4817 Butler Road Glyndon, MD 21071

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Teeth Bonding Glyndon, MD

Minor blemishes on your teeth can take a huge toll on the confidence you have in your smile. At Baltimore Dental Co., we are here to help you resolve any dental concerns you might have with our comprehensive cosmetic dentistry solutions. Dr. Leah Romay is your trusted cosmetic dentist in Glyndon, MD.

With teeth bonding, Dr. Leah Romay can quickly and effectively conceal minor blemishes to restore the cosmetic appearance of your smile. Similar to a dental filling, teeth bonding utilizes a resin material to cover small chips, cracks, or stains on your dental structures to revitalize your smile.

Cosmetic Dentist Glyndon MD

Teeth Bonding in Glyndon, MD

Within one appointment, Dr. Leah Romay can transform your smile via our teeth bonding services. The resin material used during teeth bonding is color-matched to your natural smile. Once hardened and shaped down to your tooth, the resin material blends in with your tooth and helps conceal minor blemishes.

This treatment option is minimally invasive and virtually painless. Dr. Romay is happy to answer any questions you might have regarding our teeth bonding services.

Continue reading to find some answers to frequently asked questions:

What can teeth bonding help with?

You should only use teeth bonding to conceal minor blemishes. If you’ve attempted to whiten your teeth, but notice that there is a stain that is proving to be bleach-resistant, teeth bonding material can be placed over the stain to conceal it.

Minor chips and cracks can also be repaired with teeth bonding; however, more extensive damages may require a restorative dentistry option like a dental crown to restore the functionality of a broken tooth.

How much enamel will the tooth bonding procedure remove during my appointment?

Teeth bonding only requires a small amount of enamel removal to make space for the resin material. Any enamel removed from the tooth surface will be quickly replaced with the hardened resin material, meaning no one should notice your teeth have been repaired using bonding material beyond your restored cosmetic aesthetics.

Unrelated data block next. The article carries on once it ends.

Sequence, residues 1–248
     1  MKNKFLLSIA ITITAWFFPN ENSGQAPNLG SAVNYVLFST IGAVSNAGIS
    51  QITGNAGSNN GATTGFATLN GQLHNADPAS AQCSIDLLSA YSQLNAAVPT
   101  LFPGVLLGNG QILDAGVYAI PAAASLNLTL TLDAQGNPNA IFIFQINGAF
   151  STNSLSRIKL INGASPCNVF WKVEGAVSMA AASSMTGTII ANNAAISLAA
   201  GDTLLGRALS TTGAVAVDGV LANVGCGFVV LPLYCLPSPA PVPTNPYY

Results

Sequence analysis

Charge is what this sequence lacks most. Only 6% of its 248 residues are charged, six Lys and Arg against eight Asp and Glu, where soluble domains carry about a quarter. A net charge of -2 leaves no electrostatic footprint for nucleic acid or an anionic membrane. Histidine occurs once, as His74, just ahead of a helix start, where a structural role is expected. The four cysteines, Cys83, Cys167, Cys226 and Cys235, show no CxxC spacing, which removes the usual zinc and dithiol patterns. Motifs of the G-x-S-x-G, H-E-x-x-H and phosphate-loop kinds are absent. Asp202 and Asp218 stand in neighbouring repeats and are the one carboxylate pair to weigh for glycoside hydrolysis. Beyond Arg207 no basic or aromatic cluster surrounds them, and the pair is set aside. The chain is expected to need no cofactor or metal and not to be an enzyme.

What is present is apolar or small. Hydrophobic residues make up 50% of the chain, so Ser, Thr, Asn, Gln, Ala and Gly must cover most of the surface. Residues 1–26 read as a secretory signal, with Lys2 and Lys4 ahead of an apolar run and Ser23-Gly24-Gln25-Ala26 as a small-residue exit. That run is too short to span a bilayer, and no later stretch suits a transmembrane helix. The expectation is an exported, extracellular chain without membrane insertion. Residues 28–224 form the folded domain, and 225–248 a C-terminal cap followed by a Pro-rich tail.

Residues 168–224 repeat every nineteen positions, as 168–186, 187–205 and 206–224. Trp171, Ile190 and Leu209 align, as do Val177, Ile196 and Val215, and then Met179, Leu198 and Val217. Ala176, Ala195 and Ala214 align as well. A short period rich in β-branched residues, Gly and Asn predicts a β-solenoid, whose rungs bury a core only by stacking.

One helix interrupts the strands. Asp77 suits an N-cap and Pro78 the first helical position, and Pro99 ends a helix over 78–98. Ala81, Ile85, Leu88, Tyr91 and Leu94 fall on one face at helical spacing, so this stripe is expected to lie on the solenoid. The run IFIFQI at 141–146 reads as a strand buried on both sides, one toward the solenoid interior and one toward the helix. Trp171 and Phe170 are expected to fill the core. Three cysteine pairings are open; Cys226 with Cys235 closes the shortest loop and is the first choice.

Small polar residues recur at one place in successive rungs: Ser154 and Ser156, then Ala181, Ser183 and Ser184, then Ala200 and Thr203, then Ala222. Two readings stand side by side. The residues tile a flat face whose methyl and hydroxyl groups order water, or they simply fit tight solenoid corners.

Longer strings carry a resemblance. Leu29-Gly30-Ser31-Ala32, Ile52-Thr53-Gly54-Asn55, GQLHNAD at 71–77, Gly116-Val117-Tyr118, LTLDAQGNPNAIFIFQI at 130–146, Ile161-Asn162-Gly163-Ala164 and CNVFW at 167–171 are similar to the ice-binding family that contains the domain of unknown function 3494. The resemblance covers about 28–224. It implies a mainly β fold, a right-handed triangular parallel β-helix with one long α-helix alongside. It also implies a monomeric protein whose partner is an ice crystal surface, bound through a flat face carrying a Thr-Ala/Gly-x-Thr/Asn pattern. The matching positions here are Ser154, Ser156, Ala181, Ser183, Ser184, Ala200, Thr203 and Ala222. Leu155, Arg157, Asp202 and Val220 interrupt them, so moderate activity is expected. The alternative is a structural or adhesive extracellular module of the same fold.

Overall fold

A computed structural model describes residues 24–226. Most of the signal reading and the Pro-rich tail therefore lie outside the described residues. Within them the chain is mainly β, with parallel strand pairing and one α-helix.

Is tooth bonding the same as a tooth filling?

No. Dental bonding is a cosmetic restoration. Tooth bonding possesses a composite resin that bonds to the teeth with bonding agents. On the other hand, teeth fillings are often exclusively restorative procedures that help repair tooth decay and can be of different materials, such as metals, ceramics, composites, and glass ionomer.

How long does dental bonding last?

Dental bonding restorations with composite resins usually last from 5 to 7 years. However, the longevity of the restorations depends on the patient’s oral hygiene, care, and habits. Certain habits, such as chewing ice, opening things with the teeth, and biting hard candies can reduce the restoration lifespan since they can fracture or chip them.

Does teeth bonding stain?

Yes. Dental composite restorations are porous and can stain over time after being in frequent contact with substances that possess dark pigment. However, this is a slow process, and it might not happen if the patient has a good oral hygiene routine and doesn’t consume foods or beverages that contain a dark pigment.

How long do I have to wait to eat after a tooth bonding procedure?

You don’t have to wait any time to eat or drink after getting a dental bonding procedure. You do not have to wait to eat after a dental bonding procedure because the composite resin completely hardens after the dentist cures it with the lamp. Therefore, you are ready to eat or drink anything you want as soon as the appointment is over.

What foods should I avoid with dental bonding?

Patients with dental bonding should avoid eating foods that are deeply colored. These include coffee, red wine, berries, soda, ketchup, tea, and artificially colored candy. Acidic foods can also cause damage to bonding, so we recommend that you avoid citrus juices as well.

Can your teeth rot under bonding?

Bonding does not affect your natural teeth. If you do not brush and floss your teeth after bonding, it is possible that your teeth may become infected or rot under bonding, but this is not caused by the dental bond, it is caused by poor oral care. This is why it is important to continue to practice a scheduled oral care routine after bonding.

Schedule An Appointment

If you have cosmetic concerns regarding your smile, schedule a consultation with Dr. Romay. She provides compassionate and comprehensive care to her patients. We look forward to seeing you soon.